Terrence Malick fans have come to expect a different kind of narrative art form from the reclusive director but THE TREE OF LIFE makes you wonder what the director was smoking when he put this film together. Its no wonder the studio distributing the film suggested you take in a 4:20 screening -- if you get their drift.

THE TREE OF LIFE follows the life journey of the eldest son, Jack (Sean Penn), as he tries to reconcile a complicated relationship with his father played by Brad Pitt. The death of Jack's (Penn) brother sets off his memories of his childhood which leads to Jack's disillusioned adult life.

The Badlands and The Thin Red Line director combines three different movies into THE TREE OF LIFE. In one part, Sean Penn, through narration, refects on his days as a child during the 1950s in a Midwestern town. We flashback to his childhood days with a loving but demanding father who expects perfection from the eldest of his three boys.  Early in the film, Malick takes you back to the creation of the universe with imagery from the big bang, to the age of the dinosaurs and their extinction, and shots of nature including exploding volcanoes. It was like watching an episode of Planet Earth or a nature documentary in science class.
While the THE TREE OF LIFE feels poetic through its beautiful imagery, the disjointed narrative takes you out of the film. The early part of the film and the finale proved to be the strangest of the story. After the death of Jack's brother, Jack returns to his city life as a husband and successful business man while his parents grieve their loss. They don't utter a word of dialogue to each other. Instead they narrate their feelings as they go through the motions of their daily life. In one scene, Jack is in a business meeting with his peers as they conduct their business but Jack's mind is wandering. During that scene, we hear a voice over of Jack on the phone with his father apologizing for his behavior at the funeral. We cut to Brad Pitt's character staring out the window but we only see his backside as the conversation takes place at a different time than what we are seeing.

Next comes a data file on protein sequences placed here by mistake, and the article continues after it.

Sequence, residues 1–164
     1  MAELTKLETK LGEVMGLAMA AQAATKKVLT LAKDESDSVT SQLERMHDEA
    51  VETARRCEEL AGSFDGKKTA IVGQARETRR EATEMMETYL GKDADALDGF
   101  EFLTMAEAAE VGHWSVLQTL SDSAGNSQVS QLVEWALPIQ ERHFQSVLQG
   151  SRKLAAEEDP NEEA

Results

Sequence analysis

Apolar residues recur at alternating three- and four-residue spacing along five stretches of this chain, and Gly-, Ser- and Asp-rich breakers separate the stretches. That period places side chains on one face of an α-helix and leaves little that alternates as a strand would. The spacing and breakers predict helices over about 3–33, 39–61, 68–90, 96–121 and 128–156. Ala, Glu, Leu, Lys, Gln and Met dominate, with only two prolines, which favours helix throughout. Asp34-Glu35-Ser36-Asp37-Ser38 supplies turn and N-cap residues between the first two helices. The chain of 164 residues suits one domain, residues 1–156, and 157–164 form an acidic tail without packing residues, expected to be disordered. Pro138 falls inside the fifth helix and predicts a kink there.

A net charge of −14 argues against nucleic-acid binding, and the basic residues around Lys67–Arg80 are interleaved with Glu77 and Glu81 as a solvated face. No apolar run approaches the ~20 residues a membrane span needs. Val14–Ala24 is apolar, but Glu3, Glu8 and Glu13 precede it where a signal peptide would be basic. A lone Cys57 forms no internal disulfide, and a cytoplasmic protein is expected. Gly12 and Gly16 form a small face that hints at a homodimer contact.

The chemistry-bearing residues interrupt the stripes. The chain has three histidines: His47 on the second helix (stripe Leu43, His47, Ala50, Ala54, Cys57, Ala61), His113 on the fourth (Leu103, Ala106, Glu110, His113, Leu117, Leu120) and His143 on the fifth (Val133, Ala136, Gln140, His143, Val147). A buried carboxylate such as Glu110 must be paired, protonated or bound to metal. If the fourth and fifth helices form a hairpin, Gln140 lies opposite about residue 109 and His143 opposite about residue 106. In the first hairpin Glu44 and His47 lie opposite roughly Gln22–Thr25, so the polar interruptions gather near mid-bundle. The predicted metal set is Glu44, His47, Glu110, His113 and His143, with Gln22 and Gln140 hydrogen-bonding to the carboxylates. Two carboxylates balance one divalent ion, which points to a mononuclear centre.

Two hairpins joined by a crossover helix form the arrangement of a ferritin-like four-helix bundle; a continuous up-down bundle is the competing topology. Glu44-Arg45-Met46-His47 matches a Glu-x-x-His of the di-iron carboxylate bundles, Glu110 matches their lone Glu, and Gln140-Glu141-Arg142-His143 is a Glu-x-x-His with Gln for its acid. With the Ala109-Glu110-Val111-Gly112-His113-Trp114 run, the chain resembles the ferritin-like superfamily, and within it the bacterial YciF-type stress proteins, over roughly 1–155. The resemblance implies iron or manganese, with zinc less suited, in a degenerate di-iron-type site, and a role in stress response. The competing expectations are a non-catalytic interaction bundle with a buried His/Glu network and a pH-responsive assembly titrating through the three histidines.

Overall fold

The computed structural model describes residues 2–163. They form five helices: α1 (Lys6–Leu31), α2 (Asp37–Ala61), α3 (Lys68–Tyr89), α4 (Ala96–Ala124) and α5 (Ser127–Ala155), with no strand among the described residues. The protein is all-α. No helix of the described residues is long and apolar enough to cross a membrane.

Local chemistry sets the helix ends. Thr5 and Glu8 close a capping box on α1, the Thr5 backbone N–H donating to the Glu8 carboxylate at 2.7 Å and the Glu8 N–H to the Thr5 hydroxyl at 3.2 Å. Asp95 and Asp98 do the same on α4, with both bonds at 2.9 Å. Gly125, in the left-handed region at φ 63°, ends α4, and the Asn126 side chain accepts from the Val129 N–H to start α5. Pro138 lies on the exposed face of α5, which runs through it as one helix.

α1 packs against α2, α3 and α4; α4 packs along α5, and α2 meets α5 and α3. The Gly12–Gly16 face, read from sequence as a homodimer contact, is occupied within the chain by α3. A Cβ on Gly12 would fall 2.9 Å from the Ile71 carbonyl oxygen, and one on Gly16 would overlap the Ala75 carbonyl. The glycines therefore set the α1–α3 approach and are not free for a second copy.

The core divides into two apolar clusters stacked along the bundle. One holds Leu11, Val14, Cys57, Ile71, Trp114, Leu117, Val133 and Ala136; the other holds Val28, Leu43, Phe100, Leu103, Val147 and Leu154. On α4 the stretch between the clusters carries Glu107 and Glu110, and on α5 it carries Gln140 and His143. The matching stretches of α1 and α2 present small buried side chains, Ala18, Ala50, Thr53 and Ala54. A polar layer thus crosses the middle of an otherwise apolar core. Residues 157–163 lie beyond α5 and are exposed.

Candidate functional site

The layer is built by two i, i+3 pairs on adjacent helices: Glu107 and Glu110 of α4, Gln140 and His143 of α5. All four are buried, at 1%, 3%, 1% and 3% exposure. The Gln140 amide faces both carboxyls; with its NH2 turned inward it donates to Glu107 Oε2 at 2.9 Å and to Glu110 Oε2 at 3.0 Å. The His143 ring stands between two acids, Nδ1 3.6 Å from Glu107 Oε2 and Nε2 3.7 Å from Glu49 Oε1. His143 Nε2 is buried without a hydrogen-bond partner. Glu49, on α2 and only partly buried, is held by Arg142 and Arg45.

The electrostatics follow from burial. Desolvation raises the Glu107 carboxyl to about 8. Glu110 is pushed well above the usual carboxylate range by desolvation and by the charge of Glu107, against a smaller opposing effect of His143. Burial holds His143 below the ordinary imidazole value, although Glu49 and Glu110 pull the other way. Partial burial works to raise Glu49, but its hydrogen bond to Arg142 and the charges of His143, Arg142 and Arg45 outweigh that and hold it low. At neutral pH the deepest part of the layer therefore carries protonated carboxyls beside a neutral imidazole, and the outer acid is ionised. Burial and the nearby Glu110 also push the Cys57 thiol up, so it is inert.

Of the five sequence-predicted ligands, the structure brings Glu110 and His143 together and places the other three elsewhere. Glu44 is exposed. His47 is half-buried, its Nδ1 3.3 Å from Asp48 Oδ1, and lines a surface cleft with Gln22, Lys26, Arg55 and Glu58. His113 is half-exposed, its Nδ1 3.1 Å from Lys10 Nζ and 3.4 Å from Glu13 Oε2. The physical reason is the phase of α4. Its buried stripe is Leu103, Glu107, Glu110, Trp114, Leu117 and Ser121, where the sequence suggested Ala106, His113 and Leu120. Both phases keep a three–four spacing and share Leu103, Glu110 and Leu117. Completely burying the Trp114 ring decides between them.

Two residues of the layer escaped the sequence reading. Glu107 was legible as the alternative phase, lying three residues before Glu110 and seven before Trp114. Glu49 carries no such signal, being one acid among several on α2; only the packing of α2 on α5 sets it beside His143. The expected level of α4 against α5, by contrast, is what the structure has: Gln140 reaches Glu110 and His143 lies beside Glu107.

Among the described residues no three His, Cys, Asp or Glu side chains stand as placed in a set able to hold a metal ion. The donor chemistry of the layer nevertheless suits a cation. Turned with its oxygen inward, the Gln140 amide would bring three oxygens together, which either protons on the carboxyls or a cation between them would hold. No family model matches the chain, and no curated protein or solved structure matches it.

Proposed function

Once THE TREE OF LIFE settles on Jack's childhood story, the film takes a linear narrative with the purpose of telling a story.  This is where we see Brad Pitt shines as a truly talented actor. Rarely have you seen Brad Pitt play an unlikeable character on the big screen. Granted he's played quirky characters such as Tyler Durden in David Fincher's Fight Club or a nut job in Terry Gilliam's Twelve Monkeys but they're caricatures. His portrayal of a father feels very real and true to life. He's not a complete monster of a father but certainly he has his moments where you are scared of the man. Newcomer Jessica Chastain, who plays his wife also impresses as a new face to the big screen.  Sean Penn didn't have much to do as he stared off into space most of the time, reflecting on life and aimlessly walking through his mundane life. Sean Penn still has a commanding presence in the film, but it's hard to gauge since he doesn't interact with anyone. We're just following this character without really knowing what he's thinking or where he's going.

As the characters ponder the meaning of life, Malick cuts to shots of the cosmos or landscapes such as the woods or the desert. He finds poetry in those shots like in a close-up of the ridges on a rock or a leaf, all beautifully photographed by Emmanuel Lubezki (Sleepy Hallow, Burn After Reading). Malick contrasts the lush colors of nature with the cold, gray colors of modern architecture in which Sean Penn is surrounded by in the big city.  For those who appreciate nature,  you'll enjoy the imagery but it does interrupt the flow of the story.  

The film once again takes a bizarre turn towards the end. Sean Penn has gone from the big city to the middle of nowhere roaming among desert canyons, feeling the canyon formations. He winds up on a beach shoreline where his family reunite including his childhood self in a dream like sequence. Other random people roam the beach as well. You're left wondering if this is heaven but it's not clear.  

You will either love it or hate it but THE TREE OF LIFE is one of those films you definitely have to decipher.  THE TREE OF LIFE comes off less like a film and more like an impressionist painting hanging in an art gallery. Perhaps Terrence Malick set out to do just that.

THE TREE OF LIFE is now playing in select cities and expands July 8th.

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